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The best books of 2023

This list is part of the best books of 2023.

We've asked 1,681 authors and super readers for their 3 favorite reads of the year.

Shepherd is reader supported. When you buy books, we may earn an affiliate commission.

My favorite read in 2023…

Book cover of The Overstory

Steven Clark Cunningham Why did I love this book?

I both listened to the audio version and read the hardcopy version of this book – it was that good! Like all good novels, it is true in a deep sense despite being fiction. 

In addition, it is literally true regarding some facts about trees and nature in a way that can happen only if really well researched, which this book is. Finally the character development is amazing.

By Richard Powers,

Why should I read it?

31 authors picked The Overstory as one of their favorite books, and they share why you should read it.

What is this book about?

The Overstory, winner of the 2019 Pulitzer Prize in Fiction, is a sweeping, impassioned work of activism and resistance that is also a stunning evocation of-and paean to-the natural world. From the roots to the crown and back to the seeds, Richard Powers's twelfth novel unfolds in concentric rings of interlocking fables that range from antebellum New York to the late twentieth-century Timber Wars of the Pacific Northwest and beyond. There is a world alongside ours-vast, slow, interconnected, resourceful, magnificently inventive, and almost invisible to us. This is the story of a handful of people who learn how to see…


My 2nd favorite read in 2023…

Book cover of Born a Crime: Stories from a South African Childhood

Steven Clark Cunningham Why did I love this book?

Because Trevor Noah is a performer who is facile with voices and storytelling, and because he does his own audio reading, this book is particularly good in the audio version. In addition to being hilarious in parts, it is peppered with pearls of wisdom.

By Trevor Noah,

Why should I read it?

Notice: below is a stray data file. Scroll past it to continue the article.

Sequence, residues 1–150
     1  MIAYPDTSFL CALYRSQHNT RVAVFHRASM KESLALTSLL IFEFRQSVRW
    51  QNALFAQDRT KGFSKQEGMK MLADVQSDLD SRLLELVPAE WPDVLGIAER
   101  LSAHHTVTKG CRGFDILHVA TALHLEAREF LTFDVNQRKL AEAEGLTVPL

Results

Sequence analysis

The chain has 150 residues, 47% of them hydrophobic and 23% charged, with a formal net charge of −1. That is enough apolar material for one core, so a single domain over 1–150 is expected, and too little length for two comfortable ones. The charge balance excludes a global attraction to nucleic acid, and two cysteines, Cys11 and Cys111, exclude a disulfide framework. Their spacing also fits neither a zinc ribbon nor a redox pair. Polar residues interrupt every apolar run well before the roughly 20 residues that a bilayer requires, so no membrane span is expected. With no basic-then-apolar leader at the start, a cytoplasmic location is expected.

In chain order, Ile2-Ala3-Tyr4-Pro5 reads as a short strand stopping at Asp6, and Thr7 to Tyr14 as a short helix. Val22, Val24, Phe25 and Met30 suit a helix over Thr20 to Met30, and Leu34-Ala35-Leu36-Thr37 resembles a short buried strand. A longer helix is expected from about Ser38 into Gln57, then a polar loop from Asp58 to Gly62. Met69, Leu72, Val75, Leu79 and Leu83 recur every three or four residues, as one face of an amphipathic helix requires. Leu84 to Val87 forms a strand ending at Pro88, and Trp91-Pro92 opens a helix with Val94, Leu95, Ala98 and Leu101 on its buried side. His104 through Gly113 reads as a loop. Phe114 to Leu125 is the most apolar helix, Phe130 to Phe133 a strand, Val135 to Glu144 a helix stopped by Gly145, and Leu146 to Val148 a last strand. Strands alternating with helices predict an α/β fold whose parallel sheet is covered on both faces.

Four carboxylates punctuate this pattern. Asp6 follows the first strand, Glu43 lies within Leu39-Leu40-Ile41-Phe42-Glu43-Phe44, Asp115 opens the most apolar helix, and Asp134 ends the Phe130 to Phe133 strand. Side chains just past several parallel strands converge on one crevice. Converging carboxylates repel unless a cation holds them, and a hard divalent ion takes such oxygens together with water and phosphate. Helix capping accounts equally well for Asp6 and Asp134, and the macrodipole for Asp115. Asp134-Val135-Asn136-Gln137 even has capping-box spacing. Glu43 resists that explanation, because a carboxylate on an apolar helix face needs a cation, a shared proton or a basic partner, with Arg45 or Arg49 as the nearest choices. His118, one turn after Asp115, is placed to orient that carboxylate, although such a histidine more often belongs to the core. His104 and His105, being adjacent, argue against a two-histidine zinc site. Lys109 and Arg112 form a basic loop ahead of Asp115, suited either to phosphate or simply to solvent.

9 authors picked Born a Crime as one of their favorite books, and they share why you should read it.

What is this book about?

WINNER OF THE THURBER PRIZE

The compelling, inspiring, (often comic) coming-of-age story of Trevor Noah, set during the twilight of apartheid and the tumultuous days of freedom that followed.

One of the comedy world's brightest new voices, Trevor Noah is a light-footed but sharp-minded observer of the absurdities of politics, race and identity, sharing jokes and insights drawn from the wealth of experience acquired in his relatively young life. As host of the US hit show The Daily Show with Trevor Noah, he provides viewers around the globe with their nightly dose of biting satire, but here Noah turns his…


My 3rd favorite read in 2023…

Book cover of The Great Plant-Based Con: Why eating a plants-only diet won't improve your health or save the planet

Steven Clark Cunningham Why did I love this book?

This book is very well researched, and despite a lot of information, is very clearly presented. 

This book started my process from leaving behind 30 years of being a vegetarian to now eating meat from animals that are grass-fed (and grass-finished, when possible), and supporting regenerative farming – a change that is much better for my health and for the planet.

By Jayne Buxton,

Why should I read it?

1 author picked The Great Plant-Based Con as one of their favorite books, and they share why you should read it.

What is this book about?

'The most incredible book' Delia Smith

'Persuasive, entertaining and well researched' Sunday Times

Plant-based is best for health, go vegan to help save the planet, eat less meat... Almost every day we are bombarded with the seemingly incontrovertible message that we must reduce our consumption of meat and dairy - or eliminate them from our diets altogether.

But what if the pervasive message that the plant-based diet will improve our health and save the planet is misleading - or even false? What if removing animal foods from our diet is a serious threat to human health, and a red herring…


Plus, check out my book…

It's Considerate to Be Literate about Religion: Poetry and Prose about Religion, Conflict, and Peace in Our World

By Steven Clark Cunningham, Susan Detwiler (illustrator),

Book cover of It's Considerate to Be Literate about Religion: Poetry and Prose about Religion, Conflict, and Peace in Our World

What is my book about?

From award-winning author Dr. Cunningham and called a “must-read” by experts in the field, this book of poetry and prose is for all ages, with lyrical poems and engaging B&W pencil illustrations by award-winning illustrator Susan Detwiler. Part I explains and illustrates the American Academy of Religion's definition of religious literacy in a widely accessible way, and Part II uses that foundation to review several conflicts around the world that revolve around religion, examining them through the lens of religious literacy. The themes are diversity, equity, peace/violence (cultural, structural, and direct violence/peace), human agency, prejudice, and understanding. Each poem is followed by a “Learn More” section, a fulsome Glossary defines terms, and a Reading-Group Guide offers suggestions for further reading and topics and questions for discussion.